The verse says to tell God what I need. So I told Him that I need His peace. This peace is described as a peace that exceeds anything we can understand. That is the peace I want.

Friends, would you join me in praying for peace? Not only peace for me, but peace for many others who are suffering across the globe. Peace for our nation. Peace for our world. Peace in our hearts.
I don’t know what is ahead of me until I meet with the doctors next week. I am in the waiting. But amidst the waiting God has shown me so much beauty in the broken. He is giving me glimpses of His glory. He is giving me friends who stand in the gap when I cannot pray. He is giving me loving friends who bring meals and who drop off flowers and cards. He is giving me text messages from friends who are reaching out with love and hope. Friends who are offering encouragement. He is giving me beauty in the love of my family and my boys. We are all going through this together, but we see the beauty in the broken. And we wait.



Wednesday, October 17, 2018

Scared. Anxious. Frustrated.


Today’s blog post is a major medical update--it is a lot of news and rather clinical. I began writing this blog in 2013 with the purpose of giving my health updates to those near and far--this is one reason I write. The last few weeks have been emotionally and physically draining. Here we go:

As most of you know, I have been battling chronic pain since last May due to a bladder condition called Interstitial Cystitis, along with an inflamed kidney that I have been trying since June to get taken care of. Due to some extremely unprofessional care on the part of some doctors, plus the system itself, and many insurance disasters, I had to wait months to finally be seen by the kidney specialist.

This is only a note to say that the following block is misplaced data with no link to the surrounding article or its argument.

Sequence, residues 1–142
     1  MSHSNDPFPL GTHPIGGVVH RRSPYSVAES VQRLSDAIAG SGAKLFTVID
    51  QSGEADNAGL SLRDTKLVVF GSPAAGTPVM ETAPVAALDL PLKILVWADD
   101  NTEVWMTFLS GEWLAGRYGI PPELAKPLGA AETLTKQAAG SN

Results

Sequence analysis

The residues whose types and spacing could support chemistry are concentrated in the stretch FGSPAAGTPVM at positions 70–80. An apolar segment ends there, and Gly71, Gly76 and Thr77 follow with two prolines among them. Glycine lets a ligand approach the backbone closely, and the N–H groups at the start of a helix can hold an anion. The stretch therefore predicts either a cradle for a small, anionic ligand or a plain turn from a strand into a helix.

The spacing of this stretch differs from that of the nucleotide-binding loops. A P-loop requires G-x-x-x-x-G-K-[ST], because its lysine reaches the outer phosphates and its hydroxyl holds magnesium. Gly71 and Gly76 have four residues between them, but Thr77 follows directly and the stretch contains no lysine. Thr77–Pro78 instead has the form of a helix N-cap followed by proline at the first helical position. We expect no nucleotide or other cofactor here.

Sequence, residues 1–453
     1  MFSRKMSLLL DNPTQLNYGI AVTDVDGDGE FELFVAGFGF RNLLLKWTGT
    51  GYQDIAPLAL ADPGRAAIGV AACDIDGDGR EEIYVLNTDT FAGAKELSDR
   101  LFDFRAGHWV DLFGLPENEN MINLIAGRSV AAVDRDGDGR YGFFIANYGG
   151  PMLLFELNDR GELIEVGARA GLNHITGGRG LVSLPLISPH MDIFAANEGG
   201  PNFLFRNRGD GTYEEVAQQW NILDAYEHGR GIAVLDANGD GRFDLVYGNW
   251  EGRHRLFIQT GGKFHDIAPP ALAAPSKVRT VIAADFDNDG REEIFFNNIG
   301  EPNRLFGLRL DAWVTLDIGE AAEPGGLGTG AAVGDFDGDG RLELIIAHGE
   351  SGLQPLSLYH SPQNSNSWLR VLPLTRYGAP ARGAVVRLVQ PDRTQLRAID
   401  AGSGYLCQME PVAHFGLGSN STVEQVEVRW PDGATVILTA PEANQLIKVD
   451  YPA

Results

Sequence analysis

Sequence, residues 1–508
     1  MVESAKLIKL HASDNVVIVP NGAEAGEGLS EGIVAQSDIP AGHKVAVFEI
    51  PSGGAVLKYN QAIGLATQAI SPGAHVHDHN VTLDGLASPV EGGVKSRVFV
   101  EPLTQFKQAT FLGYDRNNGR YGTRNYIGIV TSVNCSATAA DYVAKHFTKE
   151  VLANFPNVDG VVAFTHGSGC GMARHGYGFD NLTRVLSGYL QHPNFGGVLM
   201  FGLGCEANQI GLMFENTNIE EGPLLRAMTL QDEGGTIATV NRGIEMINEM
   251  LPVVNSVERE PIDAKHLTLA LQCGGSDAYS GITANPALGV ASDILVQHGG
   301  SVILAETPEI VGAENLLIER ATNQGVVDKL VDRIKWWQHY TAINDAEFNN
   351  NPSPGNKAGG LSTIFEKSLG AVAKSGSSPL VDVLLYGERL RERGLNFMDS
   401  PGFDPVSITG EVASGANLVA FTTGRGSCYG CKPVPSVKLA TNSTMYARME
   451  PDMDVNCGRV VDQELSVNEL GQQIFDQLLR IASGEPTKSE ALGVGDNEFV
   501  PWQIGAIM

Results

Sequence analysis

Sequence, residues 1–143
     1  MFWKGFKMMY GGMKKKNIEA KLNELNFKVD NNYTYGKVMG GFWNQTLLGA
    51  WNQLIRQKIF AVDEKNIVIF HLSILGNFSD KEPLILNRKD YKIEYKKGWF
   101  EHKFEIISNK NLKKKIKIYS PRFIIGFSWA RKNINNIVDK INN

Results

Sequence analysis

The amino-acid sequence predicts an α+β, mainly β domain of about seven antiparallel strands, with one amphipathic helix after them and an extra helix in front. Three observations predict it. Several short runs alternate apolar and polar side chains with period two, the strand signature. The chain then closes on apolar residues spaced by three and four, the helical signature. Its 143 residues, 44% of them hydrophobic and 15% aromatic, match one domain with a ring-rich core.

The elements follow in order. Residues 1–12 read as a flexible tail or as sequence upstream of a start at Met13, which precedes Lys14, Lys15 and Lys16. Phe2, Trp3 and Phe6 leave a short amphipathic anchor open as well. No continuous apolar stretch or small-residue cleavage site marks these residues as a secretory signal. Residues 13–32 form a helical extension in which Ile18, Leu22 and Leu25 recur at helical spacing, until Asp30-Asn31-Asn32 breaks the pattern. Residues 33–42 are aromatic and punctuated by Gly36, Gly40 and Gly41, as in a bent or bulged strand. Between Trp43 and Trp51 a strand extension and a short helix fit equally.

I will spare you all the many details that I have been chronicling for months in case there is a grievance or even a lawsuit ahead of me. For many of you this is a review, so hang in there.

In June I had a scan that showed I had an inflamed kidney and obstructed ureter. I had this scan because I went to my primary care doctor in extreme pain. She referred me to a urologist and it took five weeks for that to get authorized and for me to be seen. He told me this was partly my IC condition (flare up), but he wanted to refer me to a kidney specialist. This was on July 11. It took my insurance and the medical practice until September 9 to get me seen by this specialist (months of continued pain while I waited). When I saw him on 9/9, he could not find my scan image nor my notes within my chart! Let’s remember that I am at UCSD which is supposed to be one of the top medical institutions in the country! And somehow my images and notes go missing? So he scheduled me for a new scan and told me to come back in three weeks. And then, to top it off, my insurance and his office made many mistakes and I did not get the scan for another month.